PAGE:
animals is not evidence against his theory; it is just a problem to be solved by future
A paradigm can be a very pervasive concept, because once it is accepted, prevailing opinion encourages continued acceptance and development. As an example, the San Juan River has generally been interpreted as the result (see Figure 1) of slowly flowing water on a gentle slope. Such a slowly flowing river would take a very long time to carve a trench that deep. Even some conservative Christians who originally believed in a short-earth chronology have considered this erosion pattern as evidence for long ages for life on the earth far beyond the amount of time allowed by standard Biblical interpretations. This seems to illustrate how the popularity of a paradigm can cause it to pervade beyond the limits of rigorous objectivity, since experimental results (Shepherd 1972) propose that a meandering river like the San Juan, which cuts straight down into the sediments, does not form by slowly flowing water, but by flood conditions which keep all the sediments in suspension. His conclusion is that such river courses are cut by periodic flash floods.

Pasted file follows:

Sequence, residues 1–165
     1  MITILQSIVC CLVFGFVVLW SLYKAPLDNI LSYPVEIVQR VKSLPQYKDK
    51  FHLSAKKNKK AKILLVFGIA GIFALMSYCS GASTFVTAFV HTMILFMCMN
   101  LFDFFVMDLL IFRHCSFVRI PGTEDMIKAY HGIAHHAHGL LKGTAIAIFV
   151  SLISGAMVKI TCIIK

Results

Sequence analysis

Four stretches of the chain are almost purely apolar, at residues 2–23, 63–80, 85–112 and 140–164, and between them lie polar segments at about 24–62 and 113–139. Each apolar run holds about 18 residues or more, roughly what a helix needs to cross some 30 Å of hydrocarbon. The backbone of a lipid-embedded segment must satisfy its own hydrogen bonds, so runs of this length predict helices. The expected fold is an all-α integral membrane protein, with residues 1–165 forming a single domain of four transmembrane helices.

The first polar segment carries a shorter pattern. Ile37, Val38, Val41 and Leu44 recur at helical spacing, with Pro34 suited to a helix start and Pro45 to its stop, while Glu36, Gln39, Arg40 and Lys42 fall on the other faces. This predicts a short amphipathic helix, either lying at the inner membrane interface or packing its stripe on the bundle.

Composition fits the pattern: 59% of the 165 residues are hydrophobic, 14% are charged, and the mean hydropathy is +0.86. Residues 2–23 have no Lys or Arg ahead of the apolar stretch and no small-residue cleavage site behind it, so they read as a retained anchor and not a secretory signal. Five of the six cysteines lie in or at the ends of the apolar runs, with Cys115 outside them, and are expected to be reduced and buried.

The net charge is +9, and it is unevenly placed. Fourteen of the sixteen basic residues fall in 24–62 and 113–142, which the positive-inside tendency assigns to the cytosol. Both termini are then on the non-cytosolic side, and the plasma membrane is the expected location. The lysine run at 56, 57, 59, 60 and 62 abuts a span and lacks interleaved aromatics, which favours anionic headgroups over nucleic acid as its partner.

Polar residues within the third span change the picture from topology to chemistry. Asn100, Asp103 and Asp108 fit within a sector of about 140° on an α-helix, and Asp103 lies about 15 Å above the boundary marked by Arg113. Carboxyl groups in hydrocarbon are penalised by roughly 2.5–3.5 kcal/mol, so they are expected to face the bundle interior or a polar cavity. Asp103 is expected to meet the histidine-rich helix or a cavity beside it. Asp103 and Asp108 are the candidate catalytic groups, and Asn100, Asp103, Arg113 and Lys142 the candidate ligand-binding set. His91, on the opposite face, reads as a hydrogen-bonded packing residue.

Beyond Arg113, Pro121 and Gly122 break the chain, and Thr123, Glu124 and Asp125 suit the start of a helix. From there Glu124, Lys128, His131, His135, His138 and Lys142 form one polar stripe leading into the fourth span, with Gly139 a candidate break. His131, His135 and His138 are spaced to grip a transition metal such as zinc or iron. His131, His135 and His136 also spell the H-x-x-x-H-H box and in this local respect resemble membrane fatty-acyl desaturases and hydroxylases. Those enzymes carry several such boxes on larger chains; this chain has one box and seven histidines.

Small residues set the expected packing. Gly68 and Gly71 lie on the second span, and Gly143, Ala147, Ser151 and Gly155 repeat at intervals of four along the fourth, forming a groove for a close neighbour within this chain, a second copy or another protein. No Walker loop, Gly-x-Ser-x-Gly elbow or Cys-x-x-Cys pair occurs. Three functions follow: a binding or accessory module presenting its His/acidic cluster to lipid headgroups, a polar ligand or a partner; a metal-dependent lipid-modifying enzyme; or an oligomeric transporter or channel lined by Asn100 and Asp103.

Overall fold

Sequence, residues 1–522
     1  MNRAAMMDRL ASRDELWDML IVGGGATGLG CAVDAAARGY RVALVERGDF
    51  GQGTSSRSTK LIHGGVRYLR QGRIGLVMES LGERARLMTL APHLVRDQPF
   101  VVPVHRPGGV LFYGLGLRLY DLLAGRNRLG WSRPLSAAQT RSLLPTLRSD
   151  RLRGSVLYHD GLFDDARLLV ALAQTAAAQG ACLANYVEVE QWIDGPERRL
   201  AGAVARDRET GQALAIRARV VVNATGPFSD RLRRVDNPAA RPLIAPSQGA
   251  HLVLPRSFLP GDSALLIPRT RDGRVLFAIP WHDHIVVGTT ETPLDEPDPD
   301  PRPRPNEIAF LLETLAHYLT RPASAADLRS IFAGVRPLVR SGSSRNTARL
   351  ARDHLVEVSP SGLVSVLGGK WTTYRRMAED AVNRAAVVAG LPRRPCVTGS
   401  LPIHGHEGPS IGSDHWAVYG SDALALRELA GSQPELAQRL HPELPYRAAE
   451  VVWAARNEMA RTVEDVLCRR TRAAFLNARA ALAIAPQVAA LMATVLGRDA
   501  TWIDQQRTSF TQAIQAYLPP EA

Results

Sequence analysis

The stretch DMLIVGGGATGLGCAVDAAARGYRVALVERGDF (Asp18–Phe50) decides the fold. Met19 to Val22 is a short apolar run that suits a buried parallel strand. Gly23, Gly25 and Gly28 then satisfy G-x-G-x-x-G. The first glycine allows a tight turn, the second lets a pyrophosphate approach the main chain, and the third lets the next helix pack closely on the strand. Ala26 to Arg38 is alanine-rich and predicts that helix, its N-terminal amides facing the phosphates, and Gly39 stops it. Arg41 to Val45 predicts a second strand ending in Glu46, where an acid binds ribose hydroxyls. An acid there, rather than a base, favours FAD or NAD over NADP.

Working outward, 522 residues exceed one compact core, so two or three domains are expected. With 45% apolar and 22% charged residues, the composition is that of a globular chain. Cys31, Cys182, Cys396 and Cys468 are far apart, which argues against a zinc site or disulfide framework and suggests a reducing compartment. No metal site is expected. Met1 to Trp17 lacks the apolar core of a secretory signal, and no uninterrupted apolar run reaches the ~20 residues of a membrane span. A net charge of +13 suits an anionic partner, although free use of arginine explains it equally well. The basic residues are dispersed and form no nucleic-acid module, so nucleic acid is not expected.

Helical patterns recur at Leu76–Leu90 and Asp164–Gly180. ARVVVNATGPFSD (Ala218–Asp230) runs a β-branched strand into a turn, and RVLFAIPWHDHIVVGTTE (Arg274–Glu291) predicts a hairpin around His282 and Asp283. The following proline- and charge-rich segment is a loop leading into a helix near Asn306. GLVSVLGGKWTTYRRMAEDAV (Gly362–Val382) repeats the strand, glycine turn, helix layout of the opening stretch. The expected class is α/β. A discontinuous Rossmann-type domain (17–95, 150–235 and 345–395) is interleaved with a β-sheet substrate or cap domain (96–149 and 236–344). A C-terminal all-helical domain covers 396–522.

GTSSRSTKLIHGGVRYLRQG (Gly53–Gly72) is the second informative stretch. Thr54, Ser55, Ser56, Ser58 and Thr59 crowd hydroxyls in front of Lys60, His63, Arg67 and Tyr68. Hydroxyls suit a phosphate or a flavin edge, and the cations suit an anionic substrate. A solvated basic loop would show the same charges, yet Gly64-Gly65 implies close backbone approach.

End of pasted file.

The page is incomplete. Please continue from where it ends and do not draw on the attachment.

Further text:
FIGURE 1. The meanders of the San Juan River in southern Utah. Note that the river has cut straight down through the sediments rather than undercutting the bank at bends in the river bed.
Dr. J. W. Provonsha (1973) has a useful concept which he uses in
discussing the nature of revelation. I believe it applies to a scientist in the same way.
In the study of science, as in the study of religion, we receive new information only
through our senses, and the scientist, as well as the religionist, has a
"filter" in his mind, with a feed-back mechanism. The concepts developed in his
mind determine what observations the filter will allow, and what observations will be
filtered out because they are not relevant.